September 1, 2021 12:21:29 am
DEFENDING THE applicability of Information Technology (Intermediary Guidelines and Digital Media Ethics Code) Rules, 2021 on news websites, the Centre on Tuesday told the Delhi High Court that the regulations seek to prevent misuse of freedom of press by empowering the audience and that the grievance redressal mechanism was in consonance with the spirit of public’s right to know. It also justified the creation of a governmental oversight mechanism, including its power for deletion, modification and blocking of content of publishers.
In response to a bunch of petitions filed by various digital media organisations, the Ministry of Information & Broadcasting and the Ministry of Electronics & Information Technology said “fake and misleading audio-visual news” on digital media in the recent past has led to “deaths of innocent people” and disturbance of public order.
Explaining the consequences of fake news, the government cited examples of rumours about child lifters, loss of lives of migrant workers during the lockdown and also risk of social strife and communal tensions in society “due to sensationalist reportage of religious congregations in the context of the pandemic”.
“The standards for testing audio-visual news content on the touchstone of right to freedom of speech and expression may be different from those for other forms of free speech. The rules only empower the audience to bring to the notice of the publishers such content which may be violative of the Code of Ethics. Even in such situations, any consequent action is possible only under stringent grounds and as per established procedure,” said the Centre in its 152-page reply.
The Centre has also told the court that the IT Rules establish a civil mechanism of grievance redressal which “is bereft of any police powers” and that the decision on whether a particular content is violative of the Code of Ethics is a deliberative one involving the publisher, their representative self-regulating bodies, and the government.
Submitting data on the number of pages created on the websites of seven television channels and the number of posts on their Twitter handles, the government said there has not been any significant change in the production of content after notifying of the rules. Over 1,800 digital media publishers have appointed the Grievance Redressal Officer and furnished their information to the ministry, it said.
The Centre also said that IT Rules do not contain any provision for monitoring of the digital media and that there was no requirement for prior registration of the publishers with the ministry. However, it said the Inter Departmental Committee under the oversight mechanism can recommend blocking of content on the grounds mentioned in Section 69A of the IT Act.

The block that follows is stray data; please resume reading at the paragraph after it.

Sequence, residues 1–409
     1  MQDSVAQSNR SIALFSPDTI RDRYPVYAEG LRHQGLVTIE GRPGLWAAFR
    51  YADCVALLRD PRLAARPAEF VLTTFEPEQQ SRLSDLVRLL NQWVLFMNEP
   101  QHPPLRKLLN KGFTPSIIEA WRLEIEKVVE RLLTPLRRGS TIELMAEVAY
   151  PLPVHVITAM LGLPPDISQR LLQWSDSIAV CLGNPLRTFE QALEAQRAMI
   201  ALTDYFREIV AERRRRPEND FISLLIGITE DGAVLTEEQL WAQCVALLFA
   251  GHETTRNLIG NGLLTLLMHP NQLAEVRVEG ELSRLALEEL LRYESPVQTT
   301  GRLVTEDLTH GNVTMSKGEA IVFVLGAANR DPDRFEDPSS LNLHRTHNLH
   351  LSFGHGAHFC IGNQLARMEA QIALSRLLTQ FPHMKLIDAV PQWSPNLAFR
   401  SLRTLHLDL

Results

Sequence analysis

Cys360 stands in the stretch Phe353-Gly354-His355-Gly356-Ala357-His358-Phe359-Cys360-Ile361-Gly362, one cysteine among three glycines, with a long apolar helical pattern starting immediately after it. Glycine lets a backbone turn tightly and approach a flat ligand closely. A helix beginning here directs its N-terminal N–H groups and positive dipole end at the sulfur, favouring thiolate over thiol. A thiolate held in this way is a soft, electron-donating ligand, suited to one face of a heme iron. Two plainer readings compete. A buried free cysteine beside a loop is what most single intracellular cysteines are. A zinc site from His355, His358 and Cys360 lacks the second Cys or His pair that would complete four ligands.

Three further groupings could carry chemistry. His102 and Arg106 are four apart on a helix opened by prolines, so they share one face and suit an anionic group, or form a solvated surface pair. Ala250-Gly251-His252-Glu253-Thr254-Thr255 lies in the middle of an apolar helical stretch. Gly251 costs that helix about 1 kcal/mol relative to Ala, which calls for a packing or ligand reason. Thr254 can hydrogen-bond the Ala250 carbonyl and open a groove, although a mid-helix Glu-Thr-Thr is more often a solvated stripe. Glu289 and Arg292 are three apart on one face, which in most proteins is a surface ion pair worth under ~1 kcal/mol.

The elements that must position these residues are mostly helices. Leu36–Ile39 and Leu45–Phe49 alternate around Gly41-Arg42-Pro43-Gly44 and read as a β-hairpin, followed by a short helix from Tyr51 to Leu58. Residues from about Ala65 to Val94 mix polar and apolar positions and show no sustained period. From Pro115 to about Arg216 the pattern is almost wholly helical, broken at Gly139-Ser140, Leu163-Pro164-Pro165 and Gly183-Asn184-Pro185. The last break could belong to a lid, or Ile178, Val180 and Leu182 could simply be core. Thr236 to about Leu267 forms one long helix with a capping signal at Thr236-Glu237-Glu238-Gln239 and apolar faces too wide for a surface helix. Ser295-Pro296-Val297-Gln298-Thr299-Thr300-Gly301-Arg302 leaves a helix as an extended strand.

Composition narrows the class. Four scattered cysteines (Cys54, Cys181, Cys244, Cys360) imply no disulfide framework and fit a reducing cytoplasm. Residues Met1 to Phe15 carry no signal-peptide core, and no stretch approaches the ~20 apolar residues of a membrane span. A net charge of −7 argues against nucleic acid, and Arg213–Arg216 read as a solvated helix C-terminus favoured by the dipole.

“Within the scope of Section 69A of the IT Act, while distributed discovery of content can be blocked by issuing appropriate directions to the social media intermediaries, direct access can also be blocked by issuing such directions to intermediaries such as internet service providers and web-hosting service providers,” said the reply, adding that the provision was not new and was in existence for the past 11 years.
With regard to the power of deletion and modification of content, the Centre said that the provision for blocking of content is a rather extreme measure utilised in rare circumstances and that the publishers have the opportunity to be heard before the inter-departmental committee.
“The provision for directions to the publisher regarding deletion/modification of content is in the interest of transparency, and allows the publishers to challenge such orders before the courts of law, thereby acting as a further safeguard in the interest of freedom of speech,” the government said.
It said that while the right to freedom of speech and expression, including the freedom of press, is critical for a vibrant democracy like India, the rights of the audience “who believe and act upon misleading news” cannot be overlooked as well. The news audience cannot be treated as passive consumers without any recourse of participation in the process of accountability, it said.
“Disinformation, or simply fake news, on digital media is one of the misuse of electronic records which may lead to violation of other fundamental rights of the audience, e.g. violation of the right to dignity through defamation; violation of the right to privacy through unlawful depiction in the media, violation of the right to life and personal liberty through disturbance of public order, etc,” said the government.
It said that the inclusion of the Norms of Journalistic Conduct and the Programme Code under the Code of Ethics merely extends the norms applicable for traditional media to the digital media without extending the entire Press Council Act the Cable Television Networks (Regulation) Act to publishers of news and current affairs content on digital media. Before the notification of the Rules, digital news media was largely unregulated, it said.
“An economic environment marked by competition for eye-balls and regulatory vacuum with respect to the content on digital media has led to spread of fake news and other potentially harmful content without any accountability of digital news publishers,” it said.
The petitioners challenging the IT Rules in the Delhi High Court are Quint Digital Media Limited and its director Ritu Kapur; Foundation for Independent Journalism that publishes The Wire; Pravda Media Foundation, which owns fact-checking website Alt News and Press Trust of India among others. The division bench of Chief Justice D N Patel and Justice Jyoti Singh on Tuesday adjourned the cases for next hearing on October 12.